I love San Francisco. It’s a great city to live in, with lots of food, plenty to do, and great places to ride a bike. It also happens to be quite the interesting place for all sorts of reasons. I could point to the Golden Gate Park, numerous museums, beautiful hills and neighborhoods – but I’m not. Instead, I’m going to talk about naked people. You see, SF happens to be a place where it’s legal to be naked, basically anywhere in the city. My neighborhood bus stop is affectionate known as the “buff stop” and of course what would we do without the Barebucks (Starbucks) a couple blocks away. This might be one level of absurdity, but to each their own. The second level of absurdity is this: San Francisco actually felt the need last year to pass a law stating that the naked people could not sit on public surfaces without a towel between them and the thing they happen to be sitting on. When all of this happened, my first response was, “people let their skin come in contact with random foreign objects in public city spaces?” Yeah, I’m the guy that washes his hands at least 20 times a day. The point being that you’d think there are some things you just don’t need to tell people.
This doesn’t always hold true. We’ve all heard of companies where the COE wants to approve every new hire that comes through the door. We in HR know that the CEO adds no value to this, and that after 2 weeks the CEO has stopped to even bother looking at whoever it is s/he is approving. We’ve all heard of companies where VP’s need to approve every compensation increase, again knowing that there is very little value being added except during the major exceptions. Once again, I’m not sure if it’s more absurd for a VP to approve an increase of even one penny, or for HR not to have been a bit more persuasive against it.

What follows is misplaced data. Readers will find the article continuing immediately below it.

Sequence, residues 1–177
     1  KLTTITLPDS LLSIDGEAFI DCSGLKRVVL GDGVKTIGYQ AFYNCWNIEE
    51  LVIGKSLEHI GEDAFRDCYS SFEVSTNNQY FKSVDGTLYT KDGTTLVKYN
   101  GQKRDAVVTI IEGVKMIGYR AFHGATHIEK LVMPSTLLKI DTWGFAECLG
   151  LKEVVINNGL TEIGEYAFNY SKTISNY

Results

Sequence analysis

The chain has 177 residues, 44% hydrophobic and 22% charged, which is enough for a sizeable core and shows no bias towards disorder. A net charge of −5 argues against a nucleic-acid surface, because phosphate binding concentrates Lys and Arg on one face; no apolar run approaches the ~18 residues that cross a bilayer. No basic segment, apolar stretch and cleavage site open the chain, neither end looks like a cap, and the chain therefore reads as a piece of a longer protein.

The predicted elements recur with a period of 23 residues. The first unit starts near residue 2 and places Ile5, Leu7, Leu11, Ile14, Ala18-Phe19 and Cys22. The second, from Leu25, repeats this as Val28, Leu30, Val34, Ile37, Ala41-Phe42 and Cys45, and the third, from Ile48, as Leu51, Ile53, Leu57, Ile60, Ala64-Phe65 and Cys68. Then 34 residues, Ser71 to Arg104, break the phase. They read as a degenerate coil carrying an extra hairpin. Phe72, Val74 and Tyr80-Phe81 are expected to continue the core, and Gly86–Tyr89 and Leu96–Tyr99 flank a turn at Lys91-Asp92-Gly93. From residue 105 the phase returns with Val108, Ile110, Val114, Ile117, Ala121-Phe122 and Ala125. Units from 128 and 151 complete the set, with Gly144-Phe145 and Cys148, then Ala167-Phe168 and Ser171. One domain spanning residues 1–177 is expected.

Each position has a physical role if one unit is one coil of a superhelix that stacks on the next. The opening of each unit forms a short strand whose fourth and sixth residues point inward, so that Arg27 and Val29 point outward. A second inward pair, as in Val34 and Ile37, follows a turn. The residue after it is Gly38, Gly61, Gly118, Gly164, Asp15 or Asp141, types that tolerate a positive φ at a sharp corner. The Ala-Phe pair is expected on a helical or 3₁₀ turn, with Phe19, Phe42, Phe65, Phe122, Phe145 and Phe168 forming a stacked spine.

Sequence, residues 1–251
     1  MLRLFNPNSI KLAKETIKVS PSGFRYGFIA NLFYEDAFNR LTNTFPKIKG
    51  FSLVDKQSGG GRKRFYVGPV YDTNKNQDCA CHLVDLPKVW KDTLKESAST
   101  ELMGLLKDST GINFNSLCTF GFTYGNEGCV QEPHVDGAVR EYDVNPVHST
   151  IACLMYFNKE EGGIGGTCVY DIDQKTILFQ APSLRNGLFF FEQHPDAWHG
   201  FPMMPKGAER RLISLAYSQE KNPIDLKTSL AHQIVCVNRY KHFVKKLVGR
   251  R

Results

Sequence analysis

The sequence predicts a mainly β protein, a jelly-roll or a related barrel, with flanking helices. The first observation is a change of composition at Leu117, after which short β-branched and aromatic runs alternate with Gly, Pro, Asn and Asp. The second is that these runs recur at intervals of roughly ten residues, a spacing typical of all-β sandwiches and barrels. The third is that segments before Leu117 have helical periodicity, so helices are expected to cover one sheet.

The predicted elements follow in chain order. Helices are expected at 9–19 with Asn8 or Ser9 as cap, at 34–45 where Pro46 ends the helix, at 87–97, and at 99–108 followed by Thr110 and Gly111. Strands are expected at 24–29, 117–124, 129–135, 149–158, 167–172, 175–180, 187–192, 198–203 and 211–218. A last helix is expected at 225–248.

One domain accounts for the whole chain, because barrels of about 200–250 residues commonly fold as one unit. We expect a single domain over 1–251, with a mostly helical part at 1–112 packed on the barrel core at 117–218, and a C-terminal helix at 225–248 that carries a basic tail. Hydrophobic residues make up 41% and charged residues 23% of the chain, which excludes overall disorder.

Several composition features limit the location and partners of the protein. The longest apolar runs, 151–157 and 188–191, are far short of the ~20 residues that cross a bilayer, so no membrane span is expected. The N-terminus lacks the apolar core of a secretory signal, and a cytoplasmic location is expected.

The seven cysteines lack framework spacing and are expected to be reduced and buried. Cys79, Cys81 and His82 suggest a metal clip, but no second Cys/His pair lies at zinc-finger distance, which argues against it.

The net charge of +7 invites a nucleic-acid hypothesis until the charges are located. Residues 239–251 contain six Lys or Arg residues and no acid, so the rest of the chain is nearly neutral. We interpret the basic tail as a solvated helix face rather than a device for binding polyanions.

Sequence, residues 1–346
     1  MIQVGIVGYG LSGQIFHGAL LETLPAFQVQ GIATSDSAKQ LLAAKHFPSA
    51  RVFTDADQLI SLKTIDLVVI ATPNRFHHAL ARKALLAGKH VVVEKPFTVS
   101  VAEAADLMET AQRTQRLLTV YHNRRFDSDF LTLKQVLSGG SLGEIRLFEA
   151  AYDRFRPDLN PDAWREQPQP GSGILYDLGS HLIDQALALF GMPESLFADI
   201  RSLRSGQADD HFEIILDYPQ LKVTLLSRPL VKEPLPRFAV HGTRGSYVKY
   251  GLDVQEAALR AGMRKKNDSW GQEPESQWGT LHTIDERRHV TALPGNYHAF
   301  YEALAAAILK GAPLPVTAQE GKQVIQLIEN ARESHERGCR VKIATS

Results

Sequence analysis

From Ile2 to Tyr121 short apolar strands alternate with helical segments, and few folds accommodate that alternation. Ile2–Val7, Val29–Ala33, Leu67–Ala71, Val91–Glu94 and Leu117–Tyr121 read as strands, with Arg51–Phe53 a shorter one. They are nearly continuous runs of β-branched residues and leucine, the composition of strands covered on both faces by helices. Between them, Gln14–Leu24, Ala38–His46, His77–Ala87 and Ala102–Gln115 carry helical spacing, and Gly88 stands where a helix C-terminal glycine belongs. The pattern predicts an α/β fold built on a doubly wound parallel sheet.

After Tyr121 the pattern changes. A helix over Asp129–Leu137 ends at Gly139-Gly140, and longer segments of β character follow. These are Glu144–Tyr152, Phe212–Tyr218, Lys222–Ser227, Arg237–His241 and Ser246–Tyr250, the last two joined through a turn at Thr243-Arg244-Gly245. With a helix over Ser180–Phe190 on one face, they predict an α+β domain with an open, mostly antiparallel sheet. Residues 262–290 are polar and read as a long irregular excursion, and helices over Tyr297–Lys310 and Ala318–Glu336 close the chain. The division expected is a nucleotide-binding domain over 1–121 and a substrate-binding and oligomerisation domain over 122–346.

It seems to me that all manner of obvious things happen in our organizations – but in this case, we’re doing things that we obviously should not. And we shouldn’t have to create policy to prevent this absurdity, but often the absurdity will happen if we don’t. The problem is that our organizations seem to like creating waste – wasted time and effort. In the case of the CEO, it is also the diagnosis of a far more serious problem: s/he does not trust HR/TA to get the right candidates, nor does s/he trust the manager to hire the right person at the right price. We in HR are sometimes put in no-win situations. Telling the CEO not to approve hires is both something we should not have to do (why is the CEO even thinking about it), but it also can put us in the light of not being serious about cost controls if we’re not careful. Regardless of all that, these are conversations we need to have if we want to be true partners at the executive level.
For the record, I don’t hang out at Barebucks or the Buff Stop.
Also, hoping you realize how long it took me to find an image for this post. :-p